Travel back in time to the swinging sixties at the former campus of the University of Manchester Institute of Science and Technology (UMIST), presently the north campus of the University of Manchester, and see how the architects of the ’60s envisioned the future.
Some cities, like Bath or Edinburgh are special because of their architectural uniformity, and to go against it would be to spoil them. Others, like London and Manchester, are interesting because the old and the new jostle for position in streets. However, there are a few areas of Manchester where one style is dominant. This is true of Ancoats with its industrial heritage (see my other article!), and it is also the case for the University of Manchester’s modernist north campus.
The modernist style is not everyone’s cup of tea. It has fallen out of favour somewhat as of late, leading to demolitions and battles for listed status. It has come to symbolise urban decay and the threat of asbestos inhalation. Though, for me, it brings to mind both a nostalgic time of post-war optimism, and sometimes hilarity at what architects believed the future would look like. Also, we cannot forget that these buildings came from a time when most places were bankrupt after the war.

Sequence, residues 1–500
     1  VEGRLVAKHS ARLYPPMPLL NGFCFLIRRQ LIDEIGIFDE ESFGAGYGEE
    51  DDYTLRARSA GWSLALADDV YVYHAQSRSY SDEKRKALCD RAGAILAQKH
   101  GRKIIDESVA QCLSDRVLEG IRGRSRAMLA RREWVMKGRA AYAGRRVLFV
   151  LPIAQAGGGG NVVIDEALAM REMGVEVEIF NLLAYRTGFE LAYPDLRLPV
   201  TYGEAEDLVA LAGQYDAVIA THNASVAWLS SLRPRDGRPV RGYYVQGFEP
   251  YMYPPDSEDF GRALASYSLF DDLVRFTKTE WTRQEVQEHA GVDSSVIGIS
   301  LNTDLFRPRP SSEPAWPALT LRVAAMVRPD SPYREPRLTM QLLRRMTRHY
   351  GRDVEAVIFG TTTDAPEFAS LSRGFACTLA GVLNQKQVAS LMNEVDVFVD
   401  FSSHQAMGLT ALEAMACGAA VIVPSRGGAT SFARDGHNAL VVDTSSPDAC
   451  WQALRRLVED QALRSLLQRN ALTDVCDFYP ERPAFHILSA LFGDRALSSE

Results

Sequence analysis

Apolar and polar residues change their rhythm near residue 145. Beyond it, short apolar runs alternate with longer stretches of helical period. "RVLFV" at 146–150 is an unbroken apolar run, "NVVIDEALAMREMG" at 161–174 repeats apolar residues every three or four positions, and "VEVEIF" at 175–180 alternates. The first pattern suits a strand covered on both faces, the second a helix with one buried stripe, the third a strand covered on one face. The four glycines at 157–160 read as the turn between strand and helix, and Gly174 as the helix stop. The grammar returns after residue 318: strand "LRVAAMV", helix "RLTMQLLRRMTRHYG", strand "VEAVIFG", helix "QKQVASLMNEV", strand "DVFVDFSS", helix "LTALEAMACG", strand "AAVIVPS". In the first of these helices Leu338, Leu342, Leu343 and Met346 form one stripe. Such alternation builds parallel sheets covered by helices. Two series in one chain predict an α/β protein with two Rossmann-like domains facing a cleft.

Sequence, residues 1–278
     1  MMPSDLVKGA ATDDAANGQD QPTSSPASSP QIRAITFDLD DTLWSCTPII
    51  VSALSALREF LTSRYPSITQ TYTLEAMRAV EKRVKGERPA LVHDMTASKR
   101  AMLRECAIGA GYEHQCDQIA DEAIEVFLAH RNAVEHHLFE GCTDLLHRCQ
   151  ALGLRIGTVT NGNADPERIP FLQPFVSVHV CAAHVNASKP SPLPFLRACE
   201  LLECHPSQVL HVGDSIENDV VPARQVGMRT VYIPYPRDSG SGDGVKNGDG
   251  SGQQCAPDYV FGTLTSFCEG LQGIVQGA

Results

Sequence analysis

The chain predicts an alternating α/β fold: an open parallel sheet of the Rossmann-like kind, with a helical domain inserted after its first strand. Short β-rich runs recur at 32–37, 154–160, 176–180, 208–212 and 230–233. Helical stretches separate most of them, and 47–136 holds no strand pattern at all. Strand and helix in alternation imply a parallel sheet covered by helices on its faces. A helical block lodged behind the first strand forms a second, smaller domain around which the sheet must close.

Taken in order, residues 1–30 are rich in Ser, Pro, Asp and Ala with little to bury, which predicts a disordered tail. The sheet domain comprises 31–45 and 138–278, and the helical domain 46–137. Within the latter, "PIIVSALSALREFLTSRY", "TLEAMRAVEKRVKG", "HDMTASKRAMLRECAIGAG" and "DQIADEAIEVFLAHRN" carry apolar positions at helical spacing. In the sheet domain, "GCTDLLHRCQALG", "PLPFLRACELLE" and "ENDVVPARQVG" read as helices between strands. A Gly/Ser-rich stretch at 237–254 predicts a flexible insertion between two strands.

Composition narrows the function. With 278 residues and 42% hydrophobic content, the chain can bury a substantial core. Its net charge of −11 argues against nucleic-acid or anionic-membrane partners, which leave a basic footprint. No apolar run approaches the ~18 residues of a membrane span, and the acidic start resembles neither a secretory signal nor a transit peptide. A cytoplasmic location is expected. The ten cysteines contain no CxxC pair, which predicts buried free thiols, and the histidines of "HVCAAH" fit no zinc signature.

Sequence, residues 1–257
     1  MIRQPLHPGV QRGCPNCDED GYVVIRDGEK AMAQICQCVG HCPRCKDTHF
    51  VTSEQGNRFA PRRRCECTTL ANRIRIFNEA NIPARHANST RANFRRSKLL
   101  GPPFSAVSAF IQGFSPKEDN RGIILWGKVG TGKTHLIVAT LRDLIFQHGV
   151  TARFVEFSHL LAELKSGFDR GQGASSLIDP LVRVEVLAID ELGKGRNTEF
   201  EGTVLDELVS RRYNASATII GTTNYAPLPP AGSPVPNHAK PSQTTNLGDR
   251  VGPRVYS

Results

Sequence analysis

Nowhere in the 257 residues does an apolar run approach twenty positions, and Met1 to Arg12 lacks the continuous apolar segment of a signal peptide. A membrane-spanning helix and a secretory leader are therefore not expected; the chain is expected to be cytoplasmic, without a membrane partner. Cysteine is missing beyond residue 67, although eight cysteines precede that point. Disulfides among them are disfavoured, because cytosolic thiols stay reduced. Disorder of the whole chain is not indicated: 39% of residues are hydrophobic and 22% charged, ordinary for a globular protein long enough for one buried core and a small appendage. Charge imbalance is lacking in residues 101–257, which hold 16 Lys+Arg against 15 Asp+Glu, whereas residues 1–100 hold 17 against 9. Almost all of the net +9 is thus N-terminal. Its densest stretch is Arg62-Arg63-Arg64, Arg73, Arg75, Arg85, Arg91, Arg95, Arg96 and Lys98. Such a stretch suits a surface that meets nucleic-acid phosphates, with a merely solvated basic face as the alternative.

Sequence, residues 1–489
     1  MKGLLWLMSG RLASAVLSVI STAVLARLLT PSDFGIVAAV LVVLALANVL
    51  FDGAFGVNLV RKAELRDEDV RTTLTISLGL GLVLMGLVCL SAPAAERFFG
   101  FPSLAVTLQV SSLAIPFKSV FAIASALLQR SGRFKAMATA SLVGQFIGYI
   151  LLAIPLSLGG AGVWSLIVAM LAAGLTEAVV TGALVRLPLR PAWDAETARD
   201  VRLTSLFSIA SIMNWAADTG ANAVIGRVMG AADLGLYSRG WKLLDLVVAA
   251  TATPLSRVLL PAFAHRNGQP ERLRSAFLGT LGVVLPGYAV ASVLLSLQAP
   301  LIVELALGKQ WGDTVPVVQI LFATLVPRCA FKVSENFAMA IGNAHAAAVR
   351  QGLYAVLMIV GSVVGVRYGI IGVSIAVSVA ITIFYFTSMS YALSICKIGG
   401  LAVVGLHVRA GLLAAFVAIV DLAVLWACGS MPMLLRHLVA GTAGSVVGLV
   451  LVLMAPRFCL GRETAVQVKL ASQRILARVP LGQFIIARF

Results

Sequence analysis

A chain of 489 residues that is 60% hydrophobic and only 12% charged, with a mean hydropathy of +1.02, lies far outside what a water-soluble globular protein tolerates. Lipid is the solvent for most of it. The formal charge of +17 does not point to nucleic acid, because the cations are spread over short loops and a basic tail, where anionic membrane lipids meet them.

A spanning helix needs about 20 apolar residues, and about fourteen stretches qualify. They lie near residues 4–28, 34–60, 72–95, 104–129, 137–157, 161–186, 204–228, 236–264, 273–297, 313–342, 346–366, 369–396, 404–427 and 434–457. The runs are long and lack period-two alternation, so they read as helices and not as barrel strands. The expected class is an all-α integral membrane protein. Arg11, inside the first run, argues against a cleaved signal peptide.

There is also some interesting modernist artwork and sculptures with an emphasis on science to be found around the campus. The quirky sculptures are entitled ‘Combustion’, ‘The Generation of Possibilities’, and ‘Insulator Family’ respectively.
Lastly, if you don’t mind the steps, the view offered from the top of the Reynold Building reaches across all of central Manchester.